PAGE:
Identity-based education is not a divisive or complex topic to shy away from; rather, it creates space for students to name discriminatory experiences as unjust instead of internalizing oppression. Students need to be given the tools to name discriminatory experiences early on in their education.
Research has shown that children begin to note racial differences that shape their social interactions as early as preschool. Learning about white supremacy cannot wait until children have grown up, because by then, unnamed white supremacy will have already shaped their development.
White supremacy was interwoven into my own grade school experiences. In kindergarten, it was the food I ate that my white peers labeled as weird. In elementary school, it was the blonde club during recess that barred the dark-haired girls, who were mostly people of color, from drawing with the blonde white girls on the pavement.
These interactions did not make sense to me, and at such a young age, the only explanation I could come up with was that I needed to be different because no one gave me any other reason. I determined my brown body to be the culprit of my exclusion.
At no point in elementary school was I taught about racism. I was taught to embrace differences between cultures, not realizing that there were some differences that weren’t socially acceptable, like the food I brought for lunch.
An argument against teaching about racism is that it is too complicated for children to understand and that it could be scarring. But nowhere does that argument take into account that racism is already visible to children in many ways through the interactions they have and the media they consume.
Teaching about racism or choosing not to do so has no effect on whether students will experience it or not — it’s about whether they can name their own experiences as unjust and whether discriminated against students blame themselves or their oppressors for their experiences of racism.
I found it difficult to name why I felt bothered when othered in social situations growing up (such as when I was excluded from drawing on sidewalks or when I was pressured to sit away from my peers when eating my lunch) because I was not given the tools to identify those situations as unjust. I took this sense of being wronged and placed the blame within myself rather than recognizing these moments as instances of racial prejudice.
Education about racism needs to coexist simultaneously with positive identity-based education, because otherwise, it will function under a process of learning and unlearning, which, when used for identity-based education, has harmful consequences.
This process of learning and unlearning is not always harmful and already exists in many K-12 pedagogies as concepts get more complex. Take a K-12 approach to teaching about the atom, for example.
When I was in middle school, I learned that atoms are the smallest bits of matter in the universe. Then, in ninth grade, I learned that atoms are actually composed of smaller bits of matter —neutrons, electrons and protons — with electrons at specific shells around the center. It was not until tenth grade that I learned that atoms can be better understood using an electron cloud model.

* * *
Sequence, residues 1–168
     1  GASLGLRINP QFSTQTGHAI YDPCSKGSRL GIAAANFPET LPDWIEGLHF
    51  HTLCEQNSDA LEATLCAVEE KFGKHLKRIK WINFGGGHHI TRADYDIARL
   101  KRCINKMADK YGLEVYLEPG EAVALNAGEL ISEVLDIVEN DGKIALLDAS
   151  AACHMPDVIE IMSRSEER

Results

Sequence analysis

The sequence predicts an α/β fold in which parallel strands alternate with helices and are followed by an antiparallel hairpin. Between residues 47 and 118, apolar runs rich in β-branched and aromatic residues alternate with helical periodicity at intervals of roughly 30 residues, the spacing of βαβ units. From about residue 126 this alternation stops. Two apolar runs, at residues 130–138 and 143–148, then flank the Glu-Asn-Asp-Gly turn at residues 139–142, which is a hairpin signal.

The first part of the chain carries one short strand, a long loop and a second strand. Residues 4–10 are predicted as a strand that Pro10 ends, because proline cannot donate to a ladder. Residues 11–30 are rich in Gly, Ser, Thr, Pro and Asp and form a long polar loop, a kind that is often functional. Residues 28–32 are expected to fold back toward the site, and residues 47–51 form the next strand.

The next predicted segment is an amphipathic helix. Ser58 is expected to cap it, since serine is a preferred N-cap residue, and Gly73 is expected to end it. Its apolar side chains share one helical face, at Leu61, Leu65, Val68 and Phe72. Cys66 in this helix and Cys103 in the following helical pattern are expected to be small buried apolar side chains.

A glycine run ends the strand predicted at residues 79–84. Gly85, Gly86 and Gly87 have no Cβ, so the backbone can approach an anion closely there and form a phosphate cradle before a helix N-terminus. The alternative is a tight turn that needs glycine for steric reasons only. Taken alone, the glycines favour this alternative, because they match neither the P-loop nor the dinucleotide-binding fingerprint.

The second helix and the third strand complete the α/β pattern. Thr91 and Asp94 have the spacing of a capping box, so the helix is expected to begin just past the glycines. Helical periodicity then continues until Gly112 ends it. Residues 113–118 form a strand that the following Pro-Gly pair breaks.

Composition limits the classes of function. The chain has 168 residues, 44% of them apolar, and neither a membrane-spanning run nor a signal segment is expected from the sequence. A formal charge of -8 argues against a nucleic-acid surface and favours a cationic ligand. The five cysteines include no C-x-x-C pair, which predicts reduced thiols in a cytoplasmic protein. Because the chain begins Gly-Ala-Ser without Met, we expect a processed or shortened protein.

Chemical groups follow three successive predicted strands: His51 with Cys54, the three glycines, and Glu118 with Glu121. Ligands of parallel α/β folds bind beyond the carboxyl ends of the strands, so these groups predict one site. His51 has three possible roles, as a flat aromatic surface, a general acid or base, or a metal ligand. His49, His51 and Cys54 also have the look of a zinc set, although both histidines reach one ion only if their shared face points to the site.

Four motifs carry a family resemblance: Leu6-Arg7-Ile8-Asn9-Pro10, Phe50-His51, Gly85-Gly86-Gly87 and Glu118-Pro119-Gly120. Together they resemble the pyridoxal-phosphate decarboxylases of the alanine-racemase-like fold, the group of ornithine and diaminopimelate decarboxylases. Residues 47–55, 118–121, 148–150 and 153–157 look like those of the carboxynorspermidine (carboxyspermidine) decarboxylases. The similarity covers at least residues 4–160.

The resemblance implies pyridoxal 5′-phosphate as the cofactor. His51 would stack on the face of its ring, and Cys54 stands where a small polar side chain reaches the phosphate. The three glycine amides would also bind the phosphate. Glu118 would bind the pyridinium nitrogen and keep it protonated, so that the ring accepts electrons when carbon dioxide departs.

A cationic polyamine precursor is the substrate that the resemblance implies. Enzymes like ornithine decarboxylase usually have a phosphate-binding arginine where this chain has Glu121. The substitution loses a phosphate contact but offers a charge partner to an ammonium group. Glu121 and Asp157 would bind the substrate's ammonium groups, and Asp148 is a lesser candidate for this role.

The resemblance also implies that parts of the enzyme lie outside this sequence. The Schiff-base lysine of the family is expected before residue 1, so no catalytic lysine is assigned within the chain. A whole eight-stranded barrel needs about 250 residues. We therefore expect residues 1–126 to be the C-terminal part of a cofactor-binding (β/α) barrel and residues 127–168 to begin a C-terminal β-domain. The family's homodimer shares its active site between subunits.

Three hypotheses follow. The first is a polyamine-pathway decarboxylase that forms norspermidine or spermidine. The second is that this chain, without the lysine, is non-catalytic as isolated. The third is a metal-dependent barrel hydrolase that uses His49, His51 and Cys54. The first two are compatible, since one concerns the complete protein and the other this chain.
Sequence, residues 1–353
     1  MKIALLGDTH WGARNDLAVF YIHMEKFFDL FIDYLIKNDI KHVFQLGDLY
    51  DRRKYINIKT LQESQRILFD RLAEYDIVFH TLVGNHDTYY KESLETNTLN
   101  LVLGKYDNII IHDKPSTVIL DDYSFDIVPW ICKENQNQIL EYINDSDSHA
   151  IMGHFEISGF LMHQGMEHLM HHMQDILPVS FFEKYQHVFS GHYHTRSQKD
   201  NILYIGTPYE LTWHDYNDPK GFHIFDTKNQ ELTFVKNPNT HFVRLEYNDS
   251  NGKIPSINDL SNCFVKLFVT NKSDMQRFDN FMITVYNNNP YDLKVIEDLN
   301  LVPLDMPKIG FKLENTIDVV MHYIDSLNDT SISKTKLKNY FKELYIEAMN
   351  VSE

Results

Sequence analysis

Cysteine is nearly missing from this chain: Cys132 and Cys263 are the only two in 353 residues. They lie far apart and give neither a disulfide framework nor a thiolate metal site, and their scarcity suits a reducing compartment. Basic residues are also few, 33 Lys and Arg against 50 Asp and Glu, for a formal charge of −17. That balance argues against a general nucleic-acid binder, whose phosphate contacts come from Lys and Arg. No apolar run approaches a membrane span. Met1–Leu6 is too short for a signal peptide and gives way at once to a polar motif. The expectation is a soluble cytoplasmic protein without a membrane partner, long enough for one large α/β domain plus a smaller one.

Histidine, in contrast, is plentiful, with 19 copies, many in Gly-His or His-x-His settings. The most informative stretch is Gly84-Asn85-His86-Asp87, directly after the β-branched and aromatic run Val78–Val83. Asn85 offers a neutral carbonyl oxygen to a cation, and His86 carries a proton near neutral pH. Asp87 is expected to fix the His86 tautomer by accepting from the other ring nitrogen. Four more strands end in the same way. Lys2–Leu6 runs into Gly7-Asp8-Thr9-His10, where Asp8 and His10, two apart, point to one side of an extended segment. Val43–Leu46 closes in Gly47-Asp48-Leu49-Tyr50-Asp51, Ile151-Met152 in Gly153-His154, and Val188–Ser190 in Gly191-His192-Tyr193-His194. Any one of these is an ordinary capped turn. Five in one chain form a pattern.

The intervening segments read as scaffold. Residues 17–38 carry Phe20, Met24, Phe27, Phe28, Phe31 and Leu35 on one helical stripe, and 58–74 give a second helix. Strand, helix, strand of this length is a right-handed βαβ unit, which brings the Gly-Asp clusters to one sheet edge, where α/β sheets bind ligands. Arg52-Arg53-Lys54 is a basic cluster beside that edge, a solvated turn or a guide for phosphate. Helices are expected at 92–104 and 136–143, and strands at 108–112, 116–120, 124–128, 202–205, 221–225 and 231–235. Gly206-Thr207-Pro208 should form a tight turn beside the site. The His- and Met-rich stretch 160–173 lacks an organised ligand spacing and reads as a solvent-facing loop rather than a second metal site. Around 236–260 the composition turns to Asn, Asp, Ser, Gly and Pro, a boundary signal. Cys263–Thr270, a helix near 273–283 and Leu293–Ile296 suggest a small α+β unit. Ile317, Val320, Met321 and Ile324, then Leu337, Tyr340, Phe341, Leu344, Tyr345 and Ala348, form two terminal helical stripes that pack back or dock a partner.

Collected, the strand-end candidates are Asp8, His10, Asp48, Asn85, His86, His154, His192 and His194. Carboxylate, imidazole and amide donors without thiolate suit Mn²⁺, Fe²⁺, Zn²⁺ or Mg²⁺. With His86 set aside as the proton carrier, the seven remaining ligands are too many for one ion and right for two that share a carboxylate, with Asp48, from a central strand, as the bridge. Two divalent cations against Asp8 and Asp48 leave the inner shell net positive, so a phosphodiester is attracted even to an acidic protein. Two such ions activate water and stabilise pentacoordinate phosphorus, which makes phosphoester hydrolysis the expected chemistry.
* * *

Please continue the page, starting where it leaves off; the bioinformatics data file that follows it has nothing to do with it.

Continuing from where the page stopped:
This process of learning and unlearning what I understood to be the atom was fine, because having partially false information about the atom in my head had zero consequences for how I behaved and understood myself in relation to others.
However, we cannot use this process of unlearning when it comes to topics related to identity.
As I got older, I learned from my teachers about racism as a thing of the past: there was racism a long time ago, but nowadays, people are treated the same regardless of their race or ethnicity. I assume this false information was taught to me in hopes that I wouldn’t discriminate and that I would treat others with respect.
However, this introduction to race served to gaslight my experiences of racism. This notion that racism no longer exists relieved students from worrying about whether they’re prejudiced, which only furthers white supremacy.
It wasn’t until high school, where I was exposed to texts centered around BIPOC experiences, that I started learning about systems of oppression. This education gave me the tools to name my own experiences and, therefore, gave meaning to them instead of devaluing my sense of self.
I’m not proposing we suddenly teach young children the horrors of oppression by and within the United States all at once, but K-12 education shouldn’t rely on false notions of equality that need to be contradicted later, because those false narratives have real consequences on how we act today. And early education definitely cannot ignore topics of race altogether.
Much more qualified and knowledgeable people have created strategies and plans on how to teach racism to children — clinical psychologist Howard Stevenson gave insight on effective techniques to teach racism to kids. We should follow their guidance when planning what this education will look like.
As we continuously critique our education and how it is being taught, I hope to see our education shift to center BIPOC experiences. We need to teach children this as early as possible, which may need to start at the home or with individual teachers taking initiative, but I hope that within our social reckonings, we turn to our youngest to do better.
Aarushi Phalke PO ’24 is from Portland, Oregon. Her current goal is to one day make a perfect bowl of noodles.